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Proxy Quantum Clouds and the JupyterHub


About 4 months ago, I wrote for this blog an article entitled “List of Quantum Clouds”. In that article, I listed 17 “quantum clouds”. By now, there are probably a few more. The “HWB” (hardware backed) quantum clouds of Dwave, Rigetti and IBM, offer access to already existing, on-line qc hardware. I’ll call all the other quantum clouds “proxy” quantum clouds. Proxy quantum clouds can run a quantum circuit on a cloud hosted simulator or they can relay that quantum circuit to a HWB quantum cloud. Out of all the proxy quantum clouds, two of them are backed by two hungry, cruel giants called Amazon and Microsoft. The rest are backed by ants.

Will proxy quantum clouds, including the ones run by the 2 cruel giants, ever become popular or profitable? It remains to be seen.

Proxy quantum clouds are certainly not a guaranteed slam dunk from a business perspective. Users might decide to simulate their quantum circuits more cheaply by running them on their own PCs. And, if users want to run their quantum circuits on real qc hardware, they might choose to eliminate the proxy, and send their quantum circuits directly to a HWB quantum cloud. Users might eliminate the proxy middleman because it is slowing things down and charging the users a toll fee to do so.

Another important reason why proxy quantum clouds may fail, is open source software such as z2jk (Zero to Jupyterhub with Kubernetes). z2jk is free, open source software that allows anyone, even someone with almost zero understanding of the underlying docker/kuberbetes technology, to set up their own jupyterhub cloud service in minutes.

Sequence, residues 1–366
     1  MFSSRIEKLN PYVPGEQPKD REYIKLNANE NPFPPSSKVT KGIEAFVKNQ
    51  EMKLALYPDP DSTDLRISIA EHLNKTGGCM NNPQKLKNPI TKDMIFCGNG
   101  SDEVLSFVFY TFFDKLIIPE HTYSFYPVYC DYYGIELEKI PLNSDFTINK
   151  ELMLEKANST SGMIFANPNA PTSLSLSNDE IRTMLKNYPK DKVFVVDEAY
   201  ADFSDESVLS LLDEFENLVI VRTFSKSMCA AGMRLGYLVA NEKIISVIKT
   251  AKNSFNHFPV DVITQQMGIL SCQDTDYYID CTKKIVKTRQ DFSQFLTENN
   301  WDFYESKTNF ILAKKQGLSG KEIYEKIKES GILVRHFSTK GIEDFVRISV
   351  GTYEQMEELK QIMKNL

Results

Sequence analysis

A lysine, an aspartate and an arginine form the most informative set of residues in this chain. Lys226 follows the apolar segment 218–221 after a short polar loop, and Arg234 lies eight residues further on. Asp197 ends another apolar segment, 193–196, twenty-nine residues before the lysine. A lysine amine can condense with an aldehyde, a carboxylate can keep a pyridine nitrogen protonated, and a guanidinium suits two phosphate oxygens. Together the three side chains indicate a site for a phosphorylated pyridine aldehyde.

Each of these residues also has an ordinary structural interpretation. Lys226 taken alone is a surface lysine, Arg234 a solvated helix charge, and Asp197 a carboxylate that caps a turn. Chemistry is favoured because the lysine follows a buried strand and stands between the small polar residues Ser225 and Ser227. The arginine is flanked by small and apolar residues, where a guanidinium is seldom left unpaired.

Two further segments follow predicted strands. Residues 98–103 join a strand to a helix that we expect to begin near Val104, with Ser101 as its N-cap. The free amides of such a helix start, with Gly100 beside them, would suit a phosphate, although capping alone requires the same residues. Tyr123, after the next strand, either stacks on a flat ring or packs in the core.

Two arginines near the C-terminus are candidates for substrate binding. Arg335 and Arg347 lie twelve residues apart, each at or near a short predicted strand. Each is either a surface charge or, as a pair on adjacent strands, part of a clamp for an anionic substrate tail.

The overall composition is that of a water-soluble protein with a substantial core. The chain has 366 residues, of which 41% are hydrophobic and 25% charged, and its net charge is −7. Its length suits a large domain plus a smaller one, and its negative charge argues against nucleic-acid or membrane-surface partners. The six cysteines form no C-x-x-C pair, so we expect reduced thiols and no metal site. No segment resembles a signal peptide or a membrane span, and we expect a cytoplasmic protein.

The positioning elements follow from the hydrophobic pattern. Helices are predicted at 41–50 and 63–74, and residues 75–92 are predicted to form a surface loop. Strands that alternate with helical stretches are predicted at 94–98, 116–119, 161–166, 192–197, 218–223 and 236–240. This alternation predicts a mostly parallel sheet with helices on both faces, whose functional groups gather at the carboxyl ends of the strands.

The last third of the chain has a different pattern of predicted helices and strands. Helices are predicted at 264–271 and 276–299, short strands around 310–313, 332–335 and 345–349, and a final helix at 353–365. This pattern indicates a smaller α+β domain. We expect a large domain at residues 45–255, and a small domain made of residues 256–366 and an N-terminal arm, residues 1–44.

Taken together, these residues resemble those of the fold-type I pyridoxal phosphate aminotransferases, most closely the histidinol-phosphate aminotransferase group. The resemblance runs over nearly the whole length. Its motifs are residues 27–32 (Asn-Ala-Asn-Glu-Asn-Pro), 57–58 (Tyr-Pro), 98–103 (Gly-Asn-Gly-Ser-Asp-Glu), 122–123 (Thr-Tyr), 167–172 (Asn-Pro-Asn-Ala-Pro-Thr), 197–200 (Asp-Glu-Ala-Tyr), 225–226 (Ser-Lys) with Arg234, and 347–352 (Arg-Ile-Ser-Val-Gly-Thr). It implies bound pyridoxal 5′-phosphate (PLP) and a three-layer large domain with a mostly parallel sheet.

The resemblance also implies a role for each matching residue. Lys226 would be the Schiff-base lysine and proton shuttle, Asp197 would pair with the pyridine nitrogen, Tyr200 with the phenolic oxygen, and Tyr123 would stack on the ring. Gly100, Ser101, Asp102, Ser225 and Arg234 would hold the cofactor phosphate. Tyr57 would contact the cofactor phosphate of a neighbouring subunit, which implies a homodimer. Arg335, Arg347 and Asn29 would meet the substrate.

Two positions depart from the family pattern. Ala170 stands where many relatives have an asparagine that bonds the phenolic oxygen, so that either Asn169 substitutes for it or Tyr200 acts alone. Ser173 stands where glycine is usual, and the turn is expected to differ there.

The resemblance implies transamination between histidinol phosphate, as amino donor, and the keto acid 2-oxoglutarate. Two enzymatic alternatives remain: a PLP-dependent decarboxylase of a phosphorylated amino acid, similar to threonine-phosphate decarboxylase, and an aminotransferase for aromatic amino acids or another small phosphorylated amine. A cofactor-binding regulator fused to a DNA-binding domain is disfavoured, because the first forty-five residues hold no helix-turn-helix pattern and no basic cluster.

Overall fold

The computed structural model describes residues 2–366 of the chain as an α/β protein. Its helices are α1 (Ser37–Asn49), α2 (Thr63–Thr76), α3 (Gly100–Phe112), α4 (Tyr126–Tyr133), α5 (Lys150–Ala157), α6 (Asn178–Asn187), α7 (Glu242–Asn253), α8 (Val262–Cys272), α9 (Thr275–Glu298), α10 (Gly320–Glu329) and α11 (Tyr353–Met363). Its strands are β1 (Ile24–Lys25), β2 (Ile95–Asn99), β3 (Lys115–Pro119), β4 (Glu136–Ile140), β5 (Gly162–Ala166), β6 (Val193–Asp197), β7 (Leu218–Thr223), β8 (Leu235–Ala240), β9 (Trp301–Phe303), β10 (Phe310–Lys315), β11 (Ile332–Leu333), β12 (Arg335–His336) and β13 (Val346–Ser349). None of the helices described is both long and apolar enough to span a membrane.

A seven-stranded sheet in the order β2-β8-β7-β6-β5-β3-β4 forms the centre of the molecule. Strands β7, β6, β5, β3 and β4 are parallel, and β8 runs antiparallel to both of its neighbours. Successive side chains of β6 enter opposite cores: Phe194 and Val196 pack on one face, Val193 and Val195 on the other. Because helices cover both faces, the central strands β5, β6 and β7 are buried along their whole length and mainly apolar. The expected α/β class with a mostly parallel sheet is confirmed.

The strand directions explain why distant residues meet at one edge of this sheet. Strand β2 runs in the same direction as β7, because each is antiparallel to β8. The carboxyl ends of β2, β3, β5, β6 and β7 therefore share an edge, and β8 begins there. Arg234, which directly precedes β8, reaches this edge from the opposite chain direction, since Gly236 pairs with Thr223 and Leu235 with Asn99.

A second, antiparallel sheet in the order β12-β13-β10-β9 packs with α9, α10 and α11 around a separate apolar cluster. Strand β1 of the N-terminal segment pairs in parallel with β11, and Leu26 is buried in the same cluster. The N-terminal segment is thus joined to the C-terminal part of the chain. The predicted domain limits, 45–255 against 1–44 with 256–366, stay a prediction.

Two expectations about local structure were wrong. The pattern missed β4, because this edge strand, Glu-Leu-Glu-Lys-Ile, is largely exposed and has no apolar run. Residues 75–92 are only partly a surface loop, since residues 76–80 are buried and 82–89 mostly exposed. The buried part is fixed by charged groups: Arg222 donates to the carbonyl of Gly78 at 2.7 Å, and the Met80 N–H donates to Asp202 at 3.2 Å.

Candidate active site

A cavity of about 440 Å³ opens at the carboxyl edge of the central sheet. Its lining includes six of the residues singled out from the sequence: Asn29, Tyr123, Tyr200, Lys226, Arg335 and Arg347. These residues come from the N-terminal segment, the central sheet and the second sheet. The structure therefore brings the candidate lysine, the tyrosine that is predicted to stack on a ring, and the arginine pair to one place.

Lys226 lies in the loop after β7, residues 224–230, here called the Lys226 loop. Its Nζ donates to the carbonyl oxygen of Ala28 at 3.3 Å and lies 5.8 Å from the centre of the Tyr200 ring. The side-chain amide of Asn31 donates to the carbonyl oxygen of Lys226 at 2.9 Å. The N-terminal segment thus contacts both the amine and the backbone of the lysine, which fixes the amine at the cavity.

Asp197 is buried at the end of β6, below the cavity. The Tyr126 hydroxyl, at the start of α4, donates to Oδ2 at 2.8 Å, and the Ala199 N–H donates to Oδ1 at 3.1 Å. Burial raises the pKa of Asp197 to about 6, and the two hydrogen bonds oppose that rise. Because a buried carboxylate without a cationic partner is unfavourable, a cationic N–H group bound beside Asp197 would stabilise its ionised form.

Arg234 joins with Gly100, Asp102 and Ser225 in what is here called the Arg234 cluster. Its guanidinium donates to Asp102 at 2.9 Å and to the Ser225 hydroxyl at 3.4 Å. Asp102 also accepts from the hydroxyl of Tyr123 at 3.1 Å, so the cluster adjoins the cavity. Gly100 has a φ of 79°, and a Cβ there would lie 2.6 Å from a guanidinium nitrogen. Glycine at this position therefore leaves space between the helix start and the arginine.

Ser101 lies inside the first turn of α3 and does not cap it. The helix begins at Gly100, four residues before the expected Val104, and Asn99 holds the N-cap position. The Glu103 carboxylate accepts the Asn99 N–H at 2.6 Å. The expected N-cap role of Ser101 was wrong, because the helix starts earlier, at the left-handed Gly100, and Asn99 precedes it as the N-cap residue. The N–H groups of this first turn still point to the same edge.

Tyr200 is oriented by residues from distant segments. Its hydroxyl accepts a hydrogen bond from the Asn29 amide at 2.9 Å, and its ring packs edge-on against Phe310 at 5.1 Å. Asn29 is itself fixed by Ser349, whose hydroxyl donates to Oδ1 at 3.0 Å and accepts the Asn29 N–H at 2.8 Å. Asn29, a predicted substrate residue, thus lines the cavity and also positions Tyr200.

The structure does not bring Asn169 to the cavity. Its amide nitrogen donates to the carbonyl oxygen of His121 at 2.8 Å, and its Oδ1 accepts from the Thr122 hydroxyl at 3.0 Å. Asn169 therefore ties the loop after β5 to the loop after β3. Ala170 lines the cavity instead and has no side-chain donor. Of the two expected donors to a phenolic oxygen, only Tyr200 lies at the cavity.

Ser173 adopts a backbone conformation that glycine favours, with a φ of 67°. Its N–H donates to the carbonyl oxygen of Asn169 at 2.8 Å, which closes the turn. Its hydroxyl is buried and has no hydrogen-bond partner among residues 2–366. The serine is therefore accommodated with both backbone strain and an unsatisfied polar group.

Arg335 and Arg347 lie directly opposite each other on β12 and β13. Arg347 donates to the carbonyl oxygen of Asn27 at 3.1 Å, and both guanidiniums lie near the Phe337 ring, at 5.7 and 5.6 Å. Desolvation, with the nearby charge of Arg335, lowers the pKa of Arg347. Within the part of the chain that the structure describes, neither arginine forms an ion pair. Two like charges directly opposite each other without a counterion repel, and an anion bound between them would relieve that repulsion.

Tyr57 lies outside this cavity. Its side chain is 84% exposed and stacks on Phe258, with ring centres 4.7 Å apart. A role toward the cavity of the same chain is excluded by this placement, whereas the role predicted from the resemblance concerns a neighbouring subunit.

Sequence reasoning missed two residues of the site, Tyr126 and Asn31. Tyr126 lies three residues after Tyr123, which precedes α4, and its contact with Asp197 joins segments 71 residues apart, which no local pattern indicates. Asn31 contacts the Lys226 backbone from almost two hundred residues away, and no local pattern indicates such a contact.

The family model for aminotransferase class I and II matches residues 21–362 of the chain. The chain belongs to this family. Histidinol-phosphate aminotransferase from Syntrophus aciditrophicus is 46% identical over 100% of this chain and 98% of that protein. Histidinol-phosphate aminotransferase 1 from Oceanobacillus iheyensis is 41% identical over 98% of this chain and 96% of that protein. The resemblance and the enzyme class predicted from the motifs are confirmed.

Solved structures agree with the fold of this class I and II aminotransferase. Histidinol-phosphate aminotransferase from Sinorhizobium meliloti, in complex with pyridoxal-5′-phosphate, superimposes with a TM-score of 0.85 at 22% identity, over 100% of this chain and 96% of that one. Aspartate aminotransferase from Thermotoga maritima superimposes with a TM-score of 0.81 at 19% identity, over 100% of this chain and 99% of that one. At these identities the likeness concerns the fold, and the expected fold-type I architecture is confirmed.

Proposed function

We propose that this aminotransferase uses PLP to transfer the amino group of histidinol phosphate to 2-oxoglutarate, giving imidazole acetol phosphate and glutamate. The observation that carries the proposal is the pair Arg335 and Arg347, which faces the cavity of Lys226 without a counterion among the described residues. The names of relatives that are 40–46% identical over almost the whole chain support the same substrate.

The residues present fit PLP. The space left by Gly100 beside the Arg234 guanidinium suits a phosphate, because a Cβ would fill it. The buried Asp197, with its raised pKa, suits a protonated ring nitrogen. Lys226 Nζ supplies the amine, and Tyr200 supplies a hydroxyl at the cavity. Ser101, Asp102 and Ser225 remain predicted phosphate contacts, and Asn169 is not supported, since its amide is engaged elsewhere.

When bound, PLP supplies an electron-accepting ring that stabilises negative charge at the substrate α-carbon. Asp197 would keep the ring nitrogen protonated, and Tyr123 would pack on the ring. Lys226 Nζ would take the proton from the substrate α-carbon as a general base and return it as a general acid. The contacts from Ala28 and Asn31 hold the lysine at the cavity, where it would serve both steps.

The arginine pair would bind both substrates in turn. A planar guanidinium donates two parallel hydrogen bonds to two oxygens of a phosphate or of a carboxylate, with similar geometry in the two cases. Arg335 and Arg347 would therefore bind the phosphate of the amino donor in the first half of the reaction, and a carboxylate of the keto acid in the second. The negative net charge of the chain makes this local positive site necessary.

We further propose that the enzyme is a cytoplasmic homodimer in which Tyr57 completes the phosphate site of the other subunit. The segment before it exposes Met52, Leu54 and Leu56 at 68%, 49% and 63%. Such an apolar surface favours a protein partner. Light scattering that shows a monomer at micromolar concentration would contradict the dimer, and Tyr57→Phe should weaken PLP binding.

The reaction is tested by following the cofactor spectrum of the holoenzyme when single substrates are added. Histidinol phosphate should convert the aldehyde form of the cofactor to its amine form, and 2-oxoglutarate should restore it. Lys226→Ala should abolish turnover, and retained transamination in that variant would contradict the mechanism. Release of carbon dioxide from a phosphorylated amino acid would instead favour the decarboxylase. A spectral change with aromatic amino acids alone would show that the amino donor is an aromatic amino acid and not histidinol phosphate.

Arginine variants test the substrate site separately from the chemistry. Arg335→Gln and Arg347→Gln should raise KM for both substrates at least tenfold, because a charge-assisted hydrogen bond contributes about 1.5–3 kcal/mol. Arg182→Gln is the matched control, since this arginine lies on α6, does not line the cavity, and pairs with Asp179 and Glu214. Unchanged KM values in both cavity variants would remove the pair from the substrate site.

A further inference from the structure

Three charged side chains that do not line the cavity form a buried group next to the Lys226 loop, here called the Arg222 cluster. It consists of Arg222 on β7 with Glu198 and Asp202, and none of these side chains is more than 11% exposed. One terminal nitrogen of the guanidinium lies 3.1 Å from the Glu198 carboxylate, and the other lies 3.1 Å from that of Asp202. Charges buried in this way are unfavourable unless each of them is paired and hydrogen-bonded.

A jupyterhub, in case you are not familiar with the term, is software that can ‘spawn’ for many users, a personal file system in the browser of each user. This personal file system can open, run and save on the cloud many jupyter notebooks. So far, all quantum clouds are, deep down, jupyterhubs.

z2jk is superbly well documented and maintained by UC Berkeley, where it is used to teach many courses. Furthermore, z2jk is very sophisticated. It uses the latest in Jupyter notebook and cloud technology (Docker containers and container orchestration via Kubernetes). Due to Kubernetes, z2jk can be run on anything from a single workstation to multiple cloud providers running concurrently (cloud providers such as Amazon AWS, Microsoft Azure, Google cloud, Digital Ocean, IBM cloud, etc.).  Kubernetes magically and seamlessly balances the load among all servers.  z2jk is also very flexible: it can be used to teach any data science or quantum computing course, or you can use it to set up your own jupyterhub quantum cloud service, only for yourself, or for you and a group of your peers.

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